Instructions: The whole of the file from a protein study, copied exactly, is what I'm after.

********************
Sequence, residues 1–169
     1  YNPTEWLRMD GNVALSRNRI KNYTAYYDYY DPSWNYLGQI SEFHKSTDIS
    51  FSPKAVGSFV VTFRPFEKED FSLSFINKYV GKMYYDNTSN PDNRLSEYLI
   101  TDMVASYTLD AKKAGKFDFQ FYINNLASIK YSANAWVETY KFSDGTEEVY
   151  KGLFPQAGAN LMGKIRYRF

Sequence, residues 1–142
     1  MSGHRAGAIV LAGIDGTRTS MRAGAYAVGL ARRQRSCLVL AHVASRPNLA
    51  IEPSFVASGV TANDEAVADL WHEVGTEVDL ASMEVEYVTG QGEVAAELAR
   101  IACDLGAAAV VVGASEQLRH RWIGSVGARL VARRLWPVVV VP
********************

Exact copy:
Sequence, residues 1–169
     1  YNPTEWLRMD GNVALSRNRI KNYTAYYDYY DPSWNYLGQI SEFHKSTDIS
    51  FSPKAVGSFV VTFRPFEKED FSLSFINKYV GKMYYDNTSN PDNRLSEYLI
   101  TDMVASYTLD AKKAGKFDFQ FYINNLASIK YSANAWVETY KFSDGTEEVY
   151  KGLFPQAGAN LMGKIRYRF

Sequence, residues 1–142
     1  MSGHRAGAIV LAGIDGTRTS MRAGAYAVGL ARRQRSCLVL AHVASRPNLA
    51  IEPSFVASGV TANDEAVADL WHEVGTEVDL ASMEVEYVTG QGEVAAELAR
   101  IACDLGAAAV VVGASEQLRH RWIGSVGARL VARRLWPVVV VP